Look! He has come through!
OUT OF SHEER RAGE by Geoff Dyer Little, Brown, f16.99, pp. 244
To everyone else on the island it looked like I was in deep thought, wrestling with philosophical problems, when all I was doing was trying to bear the awful weight of my head — which, on reflection, is what all philosophical thought comes down to any- way: how to bear the awful weight of your head.
What Geoff Dyer was doing on this idyllic Greek island, apart from nursing an injury and having a thoroughly bad time, was reading Lawrence, notionally in order to write the book about him that he had been planning for years, actually to put off writing it for as long as possible. He's with his girlfriend Laura, who
has a good attitude to life and that, even more than her ability to pick up languages by watching soap operas, is why I love her. I, by contrast, have a very bad attitude to life, an attitude to life that began badly and is get- ting worse with every passing year.
Dyer has much better ways of not writ- ing his critical magnum opus than stum- bling over the pram in the hall or writing weekly reviews for the Sunday broadsheets. He moves around instead, from Paris to Rome to Greece to England to Taormina, where the insights might congeal or the trail land him safely in some impenetrable maze or cul de sac. He smashes himself up on a moped. He reads all eight volumes of the monumental Cambridge edition of the letters in haphazard order, and decides against re-reading the canonical novels. He studies the photographs of DHL for clues, and launches into rhapsodic evocations of the master sitting under a bho tree, 'happy as a cicada'. He ruminates on the condi- tions necessary for him to undertake his research, finding catch-22s at every turn. 'The ideal conditions for working were actually the worst possible conditions for working'. He paraphrases Yeats, slightly inaccurately, and ransacks Rilke:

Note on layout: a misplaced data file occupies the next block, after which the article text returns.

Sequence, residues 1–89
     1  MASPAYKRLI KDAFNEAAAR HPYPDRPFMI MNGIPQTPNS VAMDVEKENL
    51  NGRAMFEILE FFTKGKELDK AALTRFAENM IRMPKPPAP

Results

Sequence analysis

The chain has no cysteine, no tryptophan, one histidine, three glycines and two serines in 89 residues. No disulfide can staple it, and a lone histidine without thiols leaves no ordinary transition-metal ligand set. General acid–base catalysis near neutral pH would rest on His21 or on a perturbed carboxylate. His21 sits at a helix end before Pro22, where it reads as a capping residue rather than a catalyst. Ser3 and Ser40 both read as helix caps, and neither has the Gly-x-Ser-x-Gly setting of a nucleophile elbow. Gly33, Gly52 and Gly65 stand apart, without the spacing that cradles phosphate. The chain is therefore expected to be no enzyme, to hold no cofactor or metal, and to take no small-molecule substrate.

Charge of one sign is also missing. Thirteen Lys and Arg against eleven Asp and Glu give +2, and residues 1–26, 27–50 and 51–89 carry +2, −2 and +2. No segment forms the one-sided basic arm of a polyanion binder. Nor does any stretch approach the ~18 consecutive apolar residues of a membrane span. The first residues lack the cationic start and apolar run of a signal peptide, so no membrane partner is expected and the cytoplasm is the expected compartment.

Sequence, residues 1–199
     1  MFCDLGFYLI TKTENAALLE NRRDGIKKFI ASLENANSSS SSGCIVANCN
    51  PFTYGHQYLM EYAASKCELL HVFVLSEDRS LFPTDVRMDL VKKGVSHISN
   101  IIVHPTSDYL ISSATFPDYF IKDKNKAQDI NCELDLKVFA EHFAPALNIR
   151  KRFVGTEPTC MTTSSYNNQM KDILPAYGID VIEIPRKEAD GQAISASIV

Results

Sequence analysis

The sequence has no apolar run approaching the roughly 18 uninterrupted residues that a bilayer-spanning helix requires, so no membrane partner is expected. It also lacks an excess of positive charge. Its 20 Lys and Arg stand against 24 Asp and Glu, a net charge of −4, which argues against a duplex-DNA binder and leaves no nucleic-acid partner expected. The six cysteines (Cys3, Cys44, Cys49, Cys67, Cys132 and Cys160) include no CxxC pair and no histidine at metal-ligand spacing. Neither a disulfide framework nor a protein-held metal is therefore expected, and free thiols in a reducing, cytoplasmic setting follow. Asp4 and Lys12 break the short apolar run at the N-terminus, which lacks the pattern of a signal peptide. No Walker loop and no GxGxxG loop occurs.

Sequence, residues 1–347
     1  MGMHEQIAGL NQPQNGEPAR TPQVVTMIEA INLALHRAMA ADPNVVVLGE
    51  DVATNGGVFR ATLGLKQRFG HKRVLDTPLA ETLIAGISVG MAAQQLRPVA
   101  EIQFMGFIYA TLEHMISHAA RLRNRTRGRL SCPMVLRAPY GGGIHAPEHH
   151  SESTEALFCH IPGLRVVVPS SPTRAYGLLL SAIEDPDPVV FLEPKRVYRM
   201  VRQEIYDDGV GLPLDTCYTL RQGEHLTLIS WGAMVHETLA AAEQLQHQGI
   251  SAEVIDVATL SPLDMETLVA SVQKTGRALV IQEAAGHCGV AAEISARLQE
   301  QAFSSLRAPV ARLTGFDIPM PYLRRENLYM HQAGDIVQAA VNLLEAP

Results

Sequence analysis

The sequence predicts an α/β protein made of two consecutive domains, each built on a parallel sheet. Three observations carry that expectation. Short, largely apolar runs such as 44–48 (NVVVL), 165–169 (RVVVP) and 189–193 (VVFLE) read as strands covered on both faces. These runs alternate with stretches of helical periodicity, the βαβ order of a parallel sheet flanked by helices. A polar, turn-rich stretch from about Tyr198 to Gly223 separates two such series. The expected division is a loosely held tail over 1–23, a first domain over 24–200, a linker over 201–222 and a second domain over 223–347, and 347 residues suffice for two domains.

All the great men have let their lives get overgrown like an old path and have carried everything into their art. Their life is stunted like an organ they no longer use.